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Re: streams and groups
being merely an engineer I probably should stay out of this very interesting
discussion. But the subject is very relevant to my Ph.D. work so I hope you
forgive my display of ignorance.
I work on sonification of spatial data with a focus on how to map space into
the temporality of sound, preferably using everyday listening as a model. In
particular I've been trying to find perceptual time scales that are
relevant. I ended up with four levels, that could loosely be described as:
1. Sub-unit (the temporal variations that we perceive as timbre).
2. Unit (temporal variations within a stream)
3. Group (temporal variations between streams)
4. Global (the totality of temporal events, not perceived as variation)
I'll take a bird call as an example:
The variations within the single chirp (sub-unit) characterizes the timbre.
The chirps are organized into a pattern on the unit level. The same bird
repeating the pattern a little later, or another bird singing represents
variation on the group level. The totality of bird calls and other nature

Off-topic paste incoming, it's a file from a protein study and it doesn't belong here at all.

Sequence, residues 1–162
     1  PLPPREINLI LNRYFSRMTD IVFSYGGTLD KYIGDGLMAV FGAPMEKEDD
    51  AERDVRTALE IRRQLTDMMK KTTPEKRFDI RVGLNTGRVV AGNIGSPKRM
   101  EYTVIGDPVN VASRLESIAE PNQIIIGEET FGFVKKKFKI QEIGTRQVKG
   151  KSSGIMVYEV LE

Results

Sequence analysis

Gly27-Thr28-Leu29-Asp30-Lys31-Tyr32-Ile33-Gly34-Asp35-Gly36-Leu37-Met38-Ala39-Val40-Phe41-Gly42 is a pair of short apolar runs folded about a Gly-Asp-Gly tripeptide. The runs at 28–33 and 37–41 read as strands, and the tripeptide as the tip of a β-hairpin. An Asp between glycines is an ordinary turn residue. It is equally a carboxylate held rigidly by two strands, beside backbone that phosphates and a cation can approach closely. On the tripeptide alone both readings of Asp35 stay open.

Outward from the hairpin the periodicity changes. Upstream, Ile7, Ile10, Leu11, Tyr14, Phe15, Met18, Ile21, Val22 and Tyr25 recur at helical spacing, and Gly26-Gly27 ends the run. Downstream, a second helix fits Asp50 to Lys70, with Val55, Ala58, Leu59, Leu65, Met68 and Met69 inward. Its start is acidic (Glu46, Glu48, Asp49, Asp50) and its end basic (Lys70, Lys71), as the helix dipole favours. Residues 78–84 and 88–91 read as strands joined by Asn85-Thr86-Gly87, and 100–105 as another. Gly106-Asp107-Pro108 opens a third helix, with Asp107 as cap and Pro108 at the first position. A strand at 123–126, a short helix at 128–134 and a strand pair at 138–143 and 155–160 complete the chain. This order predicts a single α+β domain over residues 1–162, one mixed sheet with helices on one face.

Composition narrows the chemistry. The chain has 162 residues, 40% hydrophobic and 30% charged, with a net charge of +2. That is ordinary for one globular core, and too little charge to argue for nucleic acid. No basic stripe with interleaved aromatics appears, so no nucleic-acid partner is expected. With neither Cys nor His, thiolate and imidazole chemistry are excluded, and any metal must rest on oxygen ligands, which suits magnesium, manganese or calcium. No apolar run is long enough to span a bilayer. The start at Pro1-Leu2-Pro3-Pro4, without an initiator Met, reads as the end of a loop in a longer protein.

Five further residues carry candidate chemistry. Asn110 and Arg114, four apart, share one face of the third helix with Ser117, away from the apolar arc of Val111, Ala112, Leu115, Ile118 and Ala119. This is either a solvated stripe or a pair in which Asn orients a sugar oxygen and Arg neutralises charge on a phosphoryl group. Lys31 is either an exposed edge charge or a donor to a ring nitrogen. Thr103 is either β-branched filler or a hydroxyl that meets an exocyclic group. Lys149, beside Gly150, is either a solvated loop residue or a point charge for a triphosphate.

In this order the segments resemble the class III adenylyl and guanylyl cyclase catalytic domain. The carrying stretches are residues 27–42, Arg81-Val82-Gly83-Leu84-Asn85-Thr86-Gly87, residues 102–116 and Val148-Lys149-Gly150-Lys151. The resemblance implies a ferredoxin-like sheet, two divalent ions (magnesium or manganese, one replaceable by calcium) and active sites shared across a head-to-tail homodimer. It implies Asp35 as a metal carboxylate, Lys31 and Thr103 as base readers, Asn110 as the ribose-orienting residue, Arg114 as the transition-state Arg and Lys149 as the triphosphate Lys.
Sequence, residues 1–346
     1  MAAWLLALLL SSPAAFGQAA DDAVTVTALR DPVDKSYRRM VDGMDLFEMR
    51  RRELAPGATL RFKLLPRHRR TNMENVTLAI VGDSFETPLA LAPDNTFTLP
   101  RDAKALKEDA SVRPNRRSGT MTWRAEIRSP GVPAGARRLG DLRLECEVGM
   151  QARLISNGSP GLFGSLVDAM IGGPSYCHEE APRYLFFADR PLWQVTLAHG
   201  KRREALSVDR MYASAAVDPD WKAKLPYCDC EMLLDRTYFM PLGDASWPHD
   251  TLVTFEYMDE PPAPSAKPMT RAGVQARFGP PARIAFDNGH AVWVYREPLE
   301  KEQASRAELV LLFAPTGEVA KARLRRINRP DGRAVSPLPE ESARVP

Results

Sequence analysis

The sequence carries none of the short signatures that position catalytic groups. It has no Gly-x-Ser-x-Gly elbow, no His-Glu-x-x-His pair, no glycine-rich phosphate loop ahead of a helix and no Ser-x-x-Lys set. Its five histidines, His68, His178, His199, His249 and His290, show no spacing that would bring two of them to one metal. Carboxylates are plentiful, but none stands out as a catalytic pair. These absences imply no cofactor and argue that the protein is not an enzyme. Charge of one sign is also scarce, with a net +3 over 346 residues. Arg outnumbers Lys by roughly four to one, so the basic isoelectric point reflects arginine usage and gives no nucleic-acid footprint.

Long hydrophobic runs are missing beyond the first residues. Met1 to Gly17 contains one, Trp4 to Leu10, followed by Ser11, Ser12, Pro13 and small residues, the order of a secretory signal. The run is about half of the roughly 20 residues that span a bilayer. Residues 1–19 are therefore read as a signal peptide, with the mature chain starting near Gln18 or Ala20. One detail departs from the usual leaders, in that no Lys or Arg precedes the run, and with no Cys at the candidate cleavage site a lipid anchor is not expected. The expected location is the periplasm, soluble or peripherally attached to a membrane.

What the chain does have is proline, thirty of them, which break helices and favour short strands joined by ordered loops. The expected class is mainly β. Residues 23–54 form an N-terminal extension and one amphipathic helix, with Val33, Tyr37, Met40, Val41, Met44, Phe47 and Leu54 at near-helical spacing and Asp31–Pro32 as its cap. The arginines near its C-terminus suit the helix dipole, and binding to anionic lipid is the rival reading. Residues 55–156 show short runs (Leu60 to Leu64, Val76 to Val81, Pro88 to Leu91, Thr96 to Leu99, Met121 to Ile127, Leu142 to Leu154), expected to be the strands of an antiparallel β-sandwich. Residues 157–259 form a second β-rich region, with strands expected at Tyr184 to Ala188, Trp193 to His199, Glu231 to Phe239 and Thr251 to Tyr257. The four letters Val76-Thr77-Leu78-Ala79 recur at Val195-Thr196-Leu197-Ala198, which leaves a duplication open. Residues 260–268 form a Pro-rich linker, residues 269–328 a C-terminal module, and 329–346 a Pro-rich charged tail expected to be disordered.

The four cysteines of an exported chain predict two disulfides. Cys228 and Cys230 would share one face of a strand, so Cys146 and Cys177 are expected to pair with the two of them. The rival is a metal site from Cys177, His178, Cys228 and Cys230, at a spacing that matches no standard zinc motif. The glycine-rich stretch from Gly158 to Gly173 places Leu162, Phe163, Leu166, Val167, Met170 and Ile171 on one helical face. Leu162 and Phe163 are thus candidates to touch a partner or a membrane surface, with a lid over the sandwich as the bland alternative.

sounds constitute the ambience which is not perceived as changing at all
(unless we make an effort of conciously analyzing it).
I'm aware of some writings on time scales in music (e.g. the 9 time scales
of Curtis Roads), but I find that these 4 levels are satifying in
representing everyday listening. Am I way off track?
Any comments appreciated.
> A musical "note" (in the auditory sense) is an unit within a
> melody; a single footstep is a unit within a sequence of steps.
> A unit is a perceptual entity that is intended by Mother Nature
> to correspond with a single "event" in nature (a single step of
> an animal; a single activation of a piano key, a chirp of a
> Perhaps the word "group" should be used to mean a cluster of
> units within a stream -- perceived as a cluster due to the fact
> that the acoustic differences are greater between the groups than
> within the groups, or to the fact that there exist
> discontinuities or silences that are greater between successive
> groups than between the successive members of the same group.